When Alex Ippoliti and James Fredrick met two months ago, the men bonded over their shared affinity for cycling on gravel roads. There weren’t many in Alaska, where they lived, but they thought a weekend ride together might be fun.
They went out on Saturday morning at a military base in Anchorage, where civilians can explore miles of trails that snake through thousands of acres of woodlands.
“It did not go as planned,” Ippoliti told The Washington Post in a bit of an understatement.
It had been exactly one week since black bears in different parts of the state fatally mauled two people. Ippoliti wore bear bells on his bike and as he had done for six years, and carried a can of bear repellent spray. But the cyclists didn’t discuss it when they set out at about 8:30 a.m.
The new friends were just 30 minutes into their ride, near some railroad tracks and a lake, when the bushes just ahead of them on the trail began to shake. They slowed down and paused for a moment, but the rustling stopped, so they started again.
Ippoliti led by a few yards and had just safely passed the crackling bush when he heard a crash and shouts from his friend. He stopped, turned around and saw the bear.
It charged nearly 30 yards, knocking Fredrick from his bike and slashing his neck and torso. Fredrick, Ippoliti remembers, calmly called out for help.
“All the options ran through my head really quick,” Ippoliti said.
Could Fredrick get back on his bike? Should he flee to get help?
Instead, Ippoliti grabbed his bear spray and started yelling.
The distraction worked. Just 10 seconds after it first attacked, the bear abandoned Fredrick and turned its attention to Ippoliti.
“It was absolutely terrifying,” Ippoliti said, “so frightening looking at her straight on.”
He deployed the spray and immediately panicked, unsure if the mist would reach the massive creature. Sometimes the spray doesn’t work on bears, he knew. He worried the bear would charge him anyway.
“I’m going to die,” he said he thought.
But instead, the bear retreated back to the bushes from where she emerged and Ippoliti rushed to his bleeding friend.
Ippoliti, 34, an Air Force veteran and Air National Guardsman, said his military training may have prepared him for the high pressure situation unfolding around him. He told Fredrick, 33, community engagement director at the Anchorage Concert Association, to apply pressure to his wounds while he grabbed his phone and dialed 911.
Reception is often spotty deep in the woods, but he was able to maintain a connection and direct officials to their location. All the while, the bear stayed close, and the men eventually noticed she was guarding a cub in the tree above them.
At this point, Ippoliti recalled, Fredrick decided that hanging around there put them in too much danger and that they needed to leave.
Together, the men walked nearly a quarter of a mile. Fredrick, bleeding, grew exhausted and worried he would faint, so they would briefly pause as they walked. At one point, Ippoliti wrapped his long sleeve T-shirt around Fredrick’s neck wound.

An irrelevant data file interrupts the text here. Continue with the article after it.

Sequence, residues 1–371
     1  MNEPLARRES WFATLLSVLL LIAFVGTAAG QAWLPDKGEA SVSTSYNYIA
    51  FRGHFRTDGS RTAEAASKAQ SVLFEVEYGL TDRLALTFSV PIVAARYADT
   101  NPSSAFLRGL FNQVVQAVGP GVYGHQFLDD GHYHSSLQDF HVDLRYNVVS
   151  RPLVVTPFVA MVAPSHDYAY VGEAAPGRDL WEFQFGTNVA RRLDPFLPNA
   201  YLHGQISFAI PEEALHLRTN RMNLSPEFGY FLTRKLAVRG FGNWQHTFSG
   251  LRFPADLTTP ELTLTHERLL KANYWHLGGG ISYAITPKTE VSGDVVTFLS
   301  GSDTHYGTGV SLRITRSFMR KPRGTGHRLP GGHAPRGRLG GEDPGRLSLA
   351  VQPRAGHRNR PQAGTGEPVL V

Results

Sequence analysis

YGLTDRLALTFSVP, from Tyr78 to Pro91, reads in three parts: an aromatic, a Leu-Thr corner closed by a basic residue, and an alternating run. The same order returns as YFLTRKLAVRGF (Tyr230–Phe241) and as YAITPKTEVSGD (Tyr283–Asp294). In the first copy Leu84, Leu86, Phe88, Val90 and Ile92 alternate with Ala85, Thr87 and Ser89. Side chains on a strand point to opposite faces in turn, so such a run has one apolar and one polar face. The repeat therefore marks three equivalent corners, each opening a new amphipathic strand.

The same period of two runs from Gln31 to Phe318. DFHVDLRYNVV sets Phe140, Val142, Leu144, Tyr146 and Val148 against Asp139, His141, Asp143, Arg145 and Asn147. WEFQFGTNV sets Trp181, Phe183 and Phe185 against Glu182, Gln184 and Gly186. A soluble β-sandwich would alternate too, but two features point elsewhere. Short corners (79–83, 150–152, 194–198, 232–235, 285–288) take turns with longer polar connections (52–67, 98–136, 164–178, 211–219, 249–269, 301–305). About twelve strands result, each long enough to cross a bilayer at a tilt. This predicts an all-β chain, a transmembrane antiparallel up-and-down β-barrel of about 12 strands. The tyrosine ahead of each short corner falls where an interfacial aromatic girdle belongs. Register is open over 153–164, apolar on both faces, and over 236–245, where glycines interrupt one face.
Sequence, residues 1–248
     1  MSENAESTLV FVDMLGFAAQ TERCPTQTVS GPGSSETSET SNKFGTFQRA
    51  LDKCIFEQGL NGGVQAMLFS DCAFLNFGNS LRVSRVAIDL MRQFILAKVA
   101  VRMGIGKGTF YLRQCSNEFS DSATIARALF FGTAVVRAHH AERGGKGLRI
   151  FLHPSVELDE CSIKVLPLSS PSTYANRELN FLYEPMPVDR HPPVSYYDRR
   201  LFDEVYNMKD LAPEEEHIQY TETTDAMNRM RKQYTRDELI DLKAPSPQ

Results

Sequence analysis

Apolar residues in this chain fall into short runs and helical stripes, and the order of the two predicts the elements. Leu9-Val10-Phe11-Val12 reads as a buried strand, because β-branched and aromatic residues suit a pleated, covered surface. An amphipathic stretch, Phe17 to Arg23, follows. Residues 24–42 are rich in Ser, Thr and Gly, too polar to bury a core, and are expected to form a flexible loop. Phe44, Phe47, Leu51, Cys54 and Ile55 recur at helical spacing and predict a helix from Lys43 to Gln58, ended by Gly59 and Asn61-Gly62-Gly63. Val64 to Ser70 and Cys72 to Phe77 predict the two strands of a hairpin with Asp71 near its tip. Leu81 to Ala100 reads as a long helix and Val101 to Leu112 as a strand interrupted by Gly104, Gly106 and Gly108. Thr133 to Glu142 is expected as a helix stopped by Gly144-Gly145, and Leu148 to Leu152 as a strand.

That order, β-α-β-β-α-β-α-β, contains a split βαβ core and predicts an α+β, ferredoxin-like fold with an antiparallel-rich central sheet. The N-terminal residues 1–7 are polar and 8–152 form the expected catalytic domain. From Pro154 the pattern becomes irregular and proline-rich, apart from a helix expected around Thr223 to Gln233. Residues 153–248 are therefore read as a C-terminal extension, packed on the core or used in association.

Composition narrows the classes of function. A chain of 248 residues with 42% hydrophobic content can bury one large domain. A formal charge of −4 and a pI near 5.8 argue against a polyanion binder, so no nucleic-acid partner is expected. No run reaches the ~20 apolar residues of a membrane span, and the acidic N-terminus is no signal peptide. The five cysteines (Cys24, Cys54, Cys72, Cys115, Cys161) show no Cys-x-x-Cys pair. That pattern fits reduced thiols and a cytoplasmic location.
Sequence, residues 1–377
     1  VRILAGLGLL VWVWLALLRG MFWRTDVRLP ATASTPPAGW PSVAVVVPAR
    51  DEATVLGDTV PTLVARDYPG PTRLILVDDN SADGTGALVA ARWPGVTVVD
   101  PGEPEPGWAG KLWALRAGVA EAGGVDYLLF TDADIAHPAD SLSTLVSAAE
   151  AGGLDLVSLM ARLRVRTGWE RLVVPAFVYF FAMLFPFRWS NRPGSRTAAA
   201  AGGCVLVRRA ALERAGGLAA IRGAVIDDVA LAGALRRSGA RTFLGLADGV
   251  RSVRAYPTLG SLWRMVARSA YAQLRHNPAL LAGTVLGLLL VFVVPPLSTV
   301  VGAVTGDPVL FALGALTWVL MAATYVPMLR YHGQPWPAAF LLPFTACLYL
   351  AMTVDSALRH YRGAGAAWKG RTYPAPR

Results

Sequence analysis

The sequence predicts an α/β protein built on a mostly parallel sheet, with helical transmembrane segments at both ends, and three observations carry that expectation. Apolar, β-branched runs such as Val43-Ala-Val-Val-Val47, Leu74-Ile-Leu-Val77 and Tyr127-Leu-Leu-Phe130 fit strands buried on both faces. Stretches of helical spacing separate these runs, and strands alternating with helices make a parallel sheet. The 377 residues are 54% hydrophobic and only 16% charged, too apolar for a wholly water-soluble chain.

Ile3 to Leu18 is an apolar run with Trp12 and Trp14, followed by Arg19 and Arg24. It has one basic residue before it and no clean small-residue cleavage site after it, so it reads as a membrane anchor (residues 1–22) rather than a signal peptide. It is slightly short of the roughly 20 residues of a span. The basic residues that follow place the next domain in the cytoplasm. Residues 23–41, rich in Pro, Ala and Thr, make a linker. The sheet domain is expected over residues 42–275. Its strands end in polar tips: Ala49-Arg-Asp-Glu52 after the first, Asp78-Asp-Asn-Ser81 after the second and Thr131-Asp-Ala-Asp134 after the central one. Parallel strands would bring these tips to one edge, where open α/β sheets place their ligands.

About 10 minutes after the attack, park officials found the two and rushed Fredrick to the hospital, where he remains in stable condition. He suffered a major laceration to his neck and lost part of his bicep muscle, reported the Alaska Dispatch News. He got stitches on his nose and eyebrow.
“Alex straight up saved my life,” Fredrick told the newspaper. “I’d be dead right now without Alex.”
Ippoliti visited Fredrick in the hospital and has talked to him several times by phone. Their trip, he told The Post, was an unconventional way “to get to know somebody really quickly.”
“We saved each other’s lives,” he said. “It was really both of us working together that got us out of there.”
Alaska Department of Fish and Game spokesman Ken Marsh told the Dispatch News that biologists are investigating the incident, but don’t consider the attack predatory based on initial information.
“It sounds like the sow did what brown bears often do when they perceive a threat,” Marsh told the newspaper.
Later Saturday night, another brown bear attack was reported outside the town of Hope, according to authorities. A man was walking with his dog to retrieve firewood when they encountered the bear, reported the Dispatch News. When the bear charged, the man scurried up a tree, authorities said. The bear swatted him down and batted him around before fleeing into the woods with its cub.
The man sustained “minor injuries,” according to the newspaper.
Those attacks, Marsh told the Dispatch News, differ vastly from the ones reported last weekend, which were described as predatory. In those incidents in different parts of the state, black bears appear to have targeted and fatally mauled a teenage runner and a biologist.
Marsh called those attacks “extremely troubling and very, very rare,” reported the Dispatch News.
“There’s no denying we’ve had a high number of attacks in a very short span of time,” Marsh told the newspaper. “I’ve talked to a couple biologists about this and the answer is … nobody really knows why yet.”
The attacks, though, won’t keep Ippoliti out of the woods, he told The Post. Bears are as much a part of the Alaskan wilderness as trees.
“It’s not stopping me,” he said.
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